I was recently asked to give a briefing on the UK property market for a range of foreign investors, mainly from South East Asia. This is an expanded version of some of my comments.
Investing in the UK
Since the Brexit vote many overseas investors have downgraded the UK. Simon French of Panmure Gordon estimates that the UK equity market trades at a discount of 18% compared with its peers. The currency was overvalued at the time of the Brexit vote but since then has been generally weak – the sterling trade weighted index stands around 71 compared with 90 just before the date of the referendum.
Whether the perception that Brexit means that the UK is withdrawing from the world is correct or not, such perceptions tend to be long lasting. It is worth noting, however that the UK has taken a proactive role in Ukraine and European defence, that migration since Brexit has gone up not down (though from different countries) and the UK has negotiated many trade deals and will join the Comprehensive and Progressive Agreement for Trans-Pacific Partnership (CPTPP). This last could well revolutionise the UK’s economic relationships with South East Asia. So, the perceptions that the UK has withdrawn from the global stage may be overblown – but they are still likely to be influential for the immediate future.
In addition, the UK has run a persistent balance of payments current account deficit close to 5% of GDP even before the Brexit vote. Although this narrowed as consumer spending was suppressed during lockdown, it has risen again to 3.8% of GDP in Q4 2022. There are a range of reasons – Brexit probably has some impact although in fact the deficit fell after the vote and again after the end of the transition period in 2020. UK competitiveness appears to be weak in most sectors and energy policy problems seem to mean that the UK is having to import more of its energy than would be ideal. So even if there is a revival of sentiment towards the UK, the currency may well remain weak.
Inflation and interest rates
UK core inflation is 6.8% compared with 5.8% in France and Germany and 5.3% in the US. Of the G20 countries only Argentina, Turkey, Brazil and Mexico have higher core inflation. There seem to be three reasons why UK core inflation remains so high: the UK’s very weak productivity performance pushing up unit costs; the Bank of England’s monetary management; the country’s chaotic energy policy which is feeding through into non-core inflation and hence into wage demands, supported by a tight labour market (which itself is partly a function of weak productivity).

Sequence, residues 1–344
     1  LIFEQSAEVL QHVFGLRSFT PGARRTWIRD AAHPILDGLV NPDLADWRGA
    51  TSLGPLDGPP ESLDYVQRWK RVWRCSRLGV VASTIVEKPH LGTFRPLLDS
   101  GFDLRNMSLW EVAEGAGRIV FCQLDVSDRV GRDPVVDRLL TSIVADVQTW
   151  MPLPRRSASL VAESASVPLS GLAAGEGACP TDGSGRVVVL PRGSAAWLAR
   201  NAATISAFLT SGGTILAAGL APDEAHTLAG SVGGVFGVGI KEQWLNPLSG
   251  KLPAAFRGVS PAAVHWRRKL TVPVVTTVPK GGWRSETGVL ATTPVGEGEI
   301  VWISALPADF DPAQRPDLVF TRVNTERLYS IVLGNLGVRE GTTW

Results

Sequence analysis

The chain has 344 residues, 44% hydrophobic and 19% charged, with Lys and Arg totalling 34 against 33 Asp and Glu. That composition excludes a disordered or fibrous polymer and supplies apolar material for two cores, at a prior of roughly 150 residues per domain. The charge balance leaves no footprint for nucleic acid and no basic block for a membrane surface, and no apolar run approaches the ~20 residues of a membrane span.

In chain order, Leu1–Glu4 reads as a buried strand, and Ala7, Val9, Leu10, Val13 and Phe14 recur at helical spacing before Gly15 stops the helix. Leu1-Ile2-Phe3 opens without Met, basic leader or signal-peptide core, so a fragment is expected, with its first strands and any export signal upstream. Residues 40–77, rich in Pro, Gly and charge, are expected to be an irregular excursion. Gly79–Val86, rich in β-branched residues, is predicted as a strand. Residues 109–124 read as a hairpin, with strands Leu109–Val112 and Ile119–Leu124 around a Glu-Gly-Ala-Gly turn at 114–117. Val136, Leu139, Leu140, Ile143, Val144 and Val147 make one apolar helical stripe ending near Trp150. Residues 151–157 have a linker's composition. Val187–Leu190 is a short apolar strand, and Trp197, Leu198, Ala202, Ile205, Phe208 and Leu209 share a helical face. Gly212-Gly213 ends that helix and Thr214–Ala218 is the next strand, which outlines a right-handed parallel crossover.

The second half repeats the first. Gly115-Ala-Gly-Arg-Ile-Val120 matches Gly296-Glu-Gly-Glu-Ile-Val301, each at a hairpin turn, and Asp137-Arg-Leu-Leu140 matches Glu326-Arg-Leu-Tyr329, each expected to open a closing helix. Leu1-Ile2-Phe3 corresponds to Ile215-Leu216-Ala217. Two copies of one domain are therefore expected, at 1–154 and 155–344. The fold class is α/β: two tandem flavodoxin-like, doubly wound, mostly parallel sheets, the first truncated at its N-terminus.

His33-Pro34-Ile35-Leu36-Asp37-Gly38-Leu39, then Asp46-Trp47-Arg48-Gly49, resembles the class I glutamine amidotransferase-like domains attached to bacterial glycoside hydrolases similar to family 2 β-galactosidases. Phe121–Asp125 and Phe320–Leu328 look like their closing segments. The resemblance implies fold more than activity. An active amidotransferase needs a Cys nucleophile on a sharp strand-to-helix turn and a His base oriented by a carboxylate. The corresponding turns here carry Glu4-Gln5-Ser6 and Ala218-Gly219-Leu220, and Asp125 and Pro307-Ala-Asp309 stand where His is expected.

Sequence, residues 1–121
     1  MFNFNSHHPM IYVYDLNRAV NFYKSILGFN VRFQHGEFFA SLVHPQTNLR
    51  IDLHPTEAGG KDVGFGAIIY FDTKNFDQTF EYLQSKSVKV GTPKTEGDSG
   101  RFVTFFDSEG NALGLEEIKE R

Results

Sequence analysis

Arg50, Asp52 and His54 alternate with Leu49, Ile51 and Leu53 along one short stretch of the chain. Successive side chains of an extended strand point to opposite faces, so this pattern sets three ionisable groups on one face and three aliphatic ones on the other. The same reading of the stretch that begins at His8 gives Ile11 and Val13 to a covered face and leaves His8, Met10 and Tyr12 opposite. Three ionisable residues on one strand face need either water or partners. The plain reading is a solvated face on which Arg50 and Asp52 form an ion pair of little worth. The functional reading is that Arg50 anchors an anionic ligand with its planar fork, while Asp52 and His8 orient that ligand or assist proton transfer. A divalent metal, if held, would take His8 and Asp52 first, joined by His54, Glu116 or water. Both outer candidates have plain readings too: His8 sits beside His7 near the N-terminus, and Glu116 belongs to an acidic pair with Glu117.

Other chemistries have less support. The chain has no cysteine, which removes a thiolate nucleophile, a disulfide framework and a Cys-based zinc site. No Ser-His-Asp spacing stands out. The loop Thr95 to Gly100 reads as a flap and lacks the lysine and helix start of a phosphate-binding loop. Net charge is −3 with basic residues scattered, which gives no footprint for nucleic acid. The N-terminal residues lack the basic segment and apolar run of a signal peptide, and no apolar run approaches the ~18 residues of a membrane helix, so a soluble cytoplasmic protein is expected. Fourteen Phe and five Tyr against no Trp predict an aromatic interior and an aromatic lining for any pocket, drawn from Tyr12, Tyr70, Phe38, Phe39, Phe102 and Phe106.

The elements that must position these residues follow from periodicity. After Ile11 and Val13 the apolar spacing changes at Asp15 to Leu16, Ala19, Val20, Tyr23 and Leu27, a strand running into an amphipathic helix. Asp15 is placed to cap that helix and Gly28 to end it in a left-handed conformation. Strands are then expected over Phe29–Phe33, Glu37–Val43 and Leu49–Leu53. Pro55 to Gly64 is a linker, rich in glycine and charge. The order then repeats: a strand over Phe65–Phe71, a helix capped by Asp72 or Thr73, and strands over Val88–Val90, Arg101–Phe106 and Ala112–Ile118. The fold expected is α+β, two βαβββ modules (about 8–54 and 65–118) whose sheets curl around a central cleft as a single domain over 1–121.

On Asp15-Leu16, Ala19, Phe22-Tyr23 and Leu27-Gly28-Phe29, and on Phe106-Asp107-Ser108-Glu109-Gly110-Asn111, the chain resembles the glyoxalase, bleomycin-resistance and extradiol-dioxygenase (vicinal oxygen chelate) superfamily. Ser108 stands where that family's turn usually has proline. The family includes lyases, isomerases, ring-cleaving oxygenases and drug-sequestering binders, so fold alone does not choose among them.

This means that interest rates are likely to stay high. Our last forecast in May showed them rising further before declining gently in 2024 but the most recent data means that even this may be optimistic.
In the circumstances residential property prices are falling slightly at the moment and are likely to fall further. We expect that the main effect of interest rate rises on mortgage rates are yet to come. Meanwhile transactions have slowed down substantially. In addition, populist governments have ignored the laws of economics and substantially tightened regulations and reduced tax incentives for landlords, which in conjunction with higher interest rates has led to a collapse in the ‘buy-to-let’ market. Naturally this has led to the withdrawal of property from the market and hence pushed up rents. Our most recent housing forecasts show year on year falls in average house prices of 2% this year and 0.5% in 2024.
Rises in interest rates have combined with falling lettings to push down prices in commercial real estate – we estimate by around 20%. Since mid-2022, the average price in nominal terms has fallen by more than during the financial crisis and even more so in real terms. It will probably fall further and there almost certainly will be some fire sales as companies sell assets to finance debt repayments due in the coming years. Two Canary Wharf towers have gone into administration and Canary Wharf itself has had its bonds downgraded by Moody’s and Fitch. The scale of the fall in prices is such that for many properties, the amount borrowed against them is perilously close to or higher than the current market value.
Because the UK has a disproportionate amount of service businesses of a kind where working from home or hybrid working is possible, the impact of this on urban commercial property has been greater than in other countries. There will need to be substantial conversion of office space to residential (which will hold down residential property prices); also much office space will have to be reconfigured to shared space suitable for co-working. Values will depend much on the scope for convertibility.
Demand for warehouses and some industrial space is stronger and less affected by working habits but even these have been downgraded. And retail is moving in a similar direction to office space, matching the growth of online.
For brave investors, there are still opportunities and there may be some bargains available. The UK is generally considered a relatively safe place for investment with transparency, a familiar legal system and protection of property rights.
But the era when investors could park their money in UK property and just watch it grow in value has probably gone. There are very few free lunches now available!
For more information, please contact:
Douglas McWilliams, Deputy Chairman
Email: email@example.com, Phone: 07710 083652
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